Although the issue feels decidedly rushed – I think Johns and Ross threw too many balls up in the air and never gave any of them the time they really needed – there’s still some good stuff here. Gog was always just a foil for Superman, as he represented the hero’s greatest fears, so closely resembling the man from his own world whom Superman saw as having supplanted him. In dealing with Gog, Superman owns up to his responsibilities to his own world, and with Starman’s help returns there. This leads to a touching epilogue in which the years following Kingdom Come are hinted at, with a very satisfying final page.

Gog had some lasting impact on a few members of the JSA, but it’s hard to tell whether they’ll be fully explored in future issues, especially since the next storyline is going to deal with Black Adam and Mary Marvel (what, again?). I suspect any real payoff will be left to the writers who will follow Johns later this year, Bill Willingham and Matthew Sturges.

After over a year of “Thy Kingdom Come”, JSA feels like it just doesn’t have any focus on its core characters – indeed, that its cast is so large it doesn’t really know who its core characters are. Flash? Green Lantern? Power Girl? Cyclone? The KC Superman has been the heart of this series for more than half its run, and he wasn’t even a member of the team, really. Both this and the previous JSA series have been all about fairly superficial plots and very little characterization. It seems a poor legacy for what in the 70s and 80s was a team featured in some truly excellent stories. As much as Johns gets right in Green Lantern, he gets wrong here.

The Winter Men Winter Special Once upon a time there was a mini-series called The Winter Men. The premise of this series was that there had been a Soviet project to create superhumans. It succeeded, more or less: A few genuine superhumans were produced, and some soldiers in super-powered armor were also created. The the Soviet Union collapsed. The soldiers dispersed, and the superhumans – went away. Not that they ever had that high a profile. Nearly 20 years later, one of the soldiers is reactivated to investigate a possible descendant of the superhuman program, which threatens his marriage and his life.

Unfortunately, said mini-series was published literally years ago: Issue #1 came out in 2005, and issue #5 in 2006. Now we get The Winter Men Winter Special, which concludes the story.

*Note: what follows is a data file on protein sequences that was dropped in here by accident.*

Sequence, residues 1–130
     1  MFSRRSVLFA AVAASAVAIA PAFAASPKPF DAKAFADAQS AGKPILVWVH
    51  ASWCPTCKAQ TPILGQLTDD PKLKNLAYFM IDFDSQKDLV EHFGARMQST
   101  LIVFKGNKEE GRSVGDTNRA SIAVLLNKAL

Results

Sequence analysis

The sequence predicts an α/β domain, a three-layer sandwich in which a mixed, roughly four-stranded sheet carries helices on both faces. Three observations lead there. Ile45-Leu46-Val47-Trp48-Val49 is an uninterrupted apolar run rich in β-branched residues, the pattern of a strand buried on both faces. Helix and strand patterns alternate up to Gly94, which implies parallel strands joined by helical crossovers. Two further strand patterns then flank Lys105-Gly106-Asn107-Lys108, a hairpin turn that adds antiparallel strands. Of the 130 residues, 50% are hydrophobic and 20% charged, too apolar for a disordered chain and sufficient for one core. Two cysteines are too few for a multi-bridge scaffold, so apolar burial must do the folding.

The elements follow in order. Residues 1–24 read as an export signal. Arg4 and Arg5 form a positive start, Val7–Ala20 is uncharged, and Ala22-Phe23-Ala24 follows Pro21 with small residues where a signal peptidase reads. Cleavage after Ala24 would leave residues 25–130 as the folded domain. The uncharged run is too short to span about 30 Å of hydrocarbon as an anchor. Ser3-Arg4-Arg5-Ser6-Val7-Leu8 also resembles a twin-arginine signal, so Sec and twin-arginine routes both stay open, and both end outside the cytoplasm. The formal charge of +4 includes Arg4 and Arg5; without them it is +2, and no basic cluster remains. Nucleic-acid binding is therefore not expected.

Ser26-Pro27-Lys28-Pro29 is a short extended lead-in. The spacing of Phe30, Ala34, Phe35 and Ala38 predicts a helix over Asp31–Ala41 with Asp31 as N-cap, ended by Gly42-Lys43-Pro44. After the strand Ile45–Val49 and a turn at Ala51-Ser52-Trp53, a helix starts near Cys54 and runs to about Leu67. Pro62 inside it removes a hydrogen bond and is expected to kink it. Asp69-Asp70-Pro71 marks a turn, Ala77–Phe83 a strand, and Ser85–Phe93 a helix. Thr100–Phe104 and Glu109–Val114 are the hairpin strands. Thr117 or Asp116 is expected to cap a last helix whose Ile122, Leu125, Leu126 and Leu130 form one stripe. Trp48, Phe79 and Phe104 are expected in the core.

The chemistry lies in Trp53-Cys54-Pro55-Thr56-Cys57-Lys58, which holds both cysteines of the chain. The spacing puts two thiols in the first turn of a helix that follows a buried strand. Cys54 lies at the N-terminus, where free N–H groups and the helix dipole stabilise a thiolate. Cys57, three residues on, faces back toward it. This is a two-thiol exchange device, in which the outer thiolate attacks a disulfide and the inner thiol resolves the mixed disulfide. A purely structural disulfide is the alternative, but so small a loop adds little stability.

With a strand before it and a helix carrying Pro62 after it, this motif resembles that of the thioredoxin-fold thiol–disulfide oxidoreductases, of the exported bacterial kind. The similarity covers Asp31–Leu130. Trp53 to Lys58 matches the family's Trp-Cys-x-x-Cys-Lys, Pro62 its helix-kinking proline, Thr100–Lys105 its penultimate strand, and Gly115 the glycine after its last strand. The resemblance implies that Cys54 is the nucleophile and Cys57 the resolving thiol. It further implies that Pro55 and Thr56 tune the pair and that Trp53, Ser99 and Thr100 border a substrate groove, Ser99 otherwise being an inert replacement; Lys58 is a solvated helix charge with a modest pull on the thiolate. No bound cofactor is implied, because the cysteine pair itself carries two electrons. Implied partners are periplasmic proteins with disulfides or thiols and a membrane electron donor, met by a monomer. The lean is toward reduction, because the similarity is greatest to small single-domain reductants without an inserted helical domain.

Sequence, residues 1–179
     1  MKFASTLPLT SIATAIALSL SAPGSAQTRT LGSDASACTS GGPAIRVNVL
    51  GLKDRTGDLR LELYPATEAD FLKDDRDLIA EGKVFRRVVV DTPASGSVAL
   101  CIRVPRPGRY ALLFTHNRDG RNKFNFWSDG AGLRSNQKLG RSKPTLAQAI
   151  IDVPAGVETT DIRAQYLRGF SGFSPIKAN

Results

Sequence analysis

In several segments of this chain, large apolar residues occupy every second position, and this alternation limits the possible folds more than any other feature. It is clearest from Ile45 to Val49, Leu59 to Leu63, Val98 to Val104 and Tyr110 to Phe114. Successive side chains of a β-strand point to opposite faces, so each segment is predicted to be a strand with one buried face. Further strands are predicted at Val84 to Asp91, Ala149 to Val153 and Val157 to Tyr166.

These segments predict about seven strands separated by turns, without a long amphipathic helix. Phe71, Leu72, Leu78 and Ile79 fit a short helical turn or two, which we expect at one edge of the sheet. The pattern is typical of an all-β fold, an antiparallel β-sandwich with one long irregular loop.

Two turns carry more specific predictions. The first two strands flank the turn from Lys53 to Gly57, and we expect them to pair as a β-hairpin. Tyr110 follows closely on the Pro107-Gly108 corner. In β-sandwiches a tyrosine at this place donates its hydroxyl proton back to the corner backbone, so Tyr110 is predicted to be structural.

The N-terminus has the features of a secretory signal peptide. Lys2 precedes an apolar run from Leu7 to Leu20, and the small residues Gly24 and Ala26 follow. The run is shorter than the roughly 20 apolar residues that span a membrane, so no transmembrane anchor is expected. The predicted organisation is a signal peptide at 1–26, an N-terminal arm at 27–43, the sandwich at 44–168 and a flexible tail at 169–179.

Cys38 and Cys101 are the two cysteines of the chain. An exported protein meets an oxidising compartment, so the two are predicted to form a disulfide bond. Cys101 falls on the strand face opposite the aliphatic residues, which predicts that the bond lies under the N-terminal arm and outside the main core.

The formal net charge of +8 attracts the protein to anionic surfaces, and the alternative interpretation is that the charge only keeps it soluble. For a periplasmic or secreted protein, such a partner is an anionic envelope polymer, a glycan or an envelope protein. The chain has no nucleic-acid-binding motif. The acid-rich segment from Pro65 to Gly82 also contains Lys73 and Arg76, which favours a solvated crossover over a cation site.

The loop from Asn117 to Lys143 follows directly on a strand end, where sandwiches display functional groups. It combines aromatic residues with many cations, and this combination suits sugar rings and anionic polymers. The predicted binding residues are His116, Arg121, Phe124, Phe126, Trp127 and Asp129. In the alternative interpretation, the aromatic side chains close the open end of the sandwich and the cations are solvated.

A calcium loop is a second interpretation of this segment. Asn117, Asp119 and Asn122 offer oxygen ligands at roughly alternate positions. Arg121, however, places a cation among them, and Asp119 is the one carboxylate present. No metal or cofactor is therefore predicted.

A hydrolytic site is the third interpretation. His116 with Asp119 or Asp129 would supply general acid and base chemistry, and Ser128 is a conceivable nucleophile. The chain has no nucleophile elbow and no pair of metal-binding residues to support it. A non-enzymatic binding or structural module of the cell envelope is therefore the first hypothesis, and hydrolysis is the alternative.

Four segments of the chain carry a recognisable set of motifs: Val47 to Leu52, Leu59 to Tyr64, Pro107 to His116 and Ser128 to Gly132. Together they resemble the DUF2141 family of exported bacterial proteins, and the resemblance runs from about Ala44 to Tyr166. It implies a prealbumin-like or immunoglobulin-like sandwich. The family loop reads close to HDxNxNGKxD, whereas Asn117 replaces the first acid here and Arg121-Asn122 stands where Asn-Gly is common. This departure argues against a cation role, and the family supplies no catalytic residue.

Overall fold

I always had problems with the series. I’m not a fan of John Paul Leon’s art, which seems muddy and laid-out so it’s difficult to follow. But the difficulty of following the art is nothing like trying to follow Brett Lewis’ story: The characters are bland and hard to distinguish, the motivations and repercussions are fuzzy, and things seem to happen for no reason. The series was lauded in some quarters as a solid thriller which explored life in contemporary Russia. But I felt that the good story was struggling to get out from under the obfuscation and muddy storytelling, but never quite made it: A story about the fantastic things from the previous regime coming back to haunt the survivors in the present day, but in a society in which survival means keeping your head down and trying to avoid being part of the fantastic.

Maybe that’s the story that Lewis wanted to tell, but I don’t think it’s the one that made it onto the page. Which is too bad, but ultimately I think The Winter Men ended up being stylish but not very satisfying.

Update 1/11/09: Two other reviews of this issue, with summaries of the series as a whole: Greg Burgas at Comics Should Be Good, and Jog at Savage Critics. Both of them liked the series more than I did. I think Jog’s point about the story being “supercompressed” is a good one, but it sure does make it awfully hard to read and follow, and I don’t think the rewards are worth the effort.

Incognito #1 I haven’t read much of Ed Brubaker’s comics work other than his X-Men work, but I know he’s pretty well regardd for Captain America and Criminal, the latter of which is illustrated by Sean Phillips, who also draws Brubaker’s new series, Incognito.

The premise is clever: Zack Overkill is a super-villain who testified some time ago against another criminal, and was put into the witness protection program, and given drugs to suppress his powers. Much like Mr. Incredible in The Incredibles, Zack doesn’t take to living a normal life as an office worker very well, but being an amoral sort he find the occasional way to get his kicks. He also finds – quite by accident – a way to counteract the drugs blocking his powers. Which puts him in a practical dilemma: He’s in witness protection for a reason which benefits him, but he also wants to use his powers. Zack’s background is interesting, with a deceased brother and a scientist who gave him his powers, which surely will play into future issues. This first issue is all set-up, but Brubaker does a great job in crafting it and promising plenty of mayhem down the road.

Phillips’ art has that shadowy noir-ish look to it, but his drawings have more detail and nuance than, say, John Paul Leon or Michael Gaydos, two artists with their own noir-ish styles which don’t really work for me. So overall Incognito #1 is a winner, and I’m looking forward to more of it.

(Brian Cronin liked it, too. And, you can read the first nine pages of the first issue here, although the second half is better than the first! Also, you can see the covers of the first three issues.)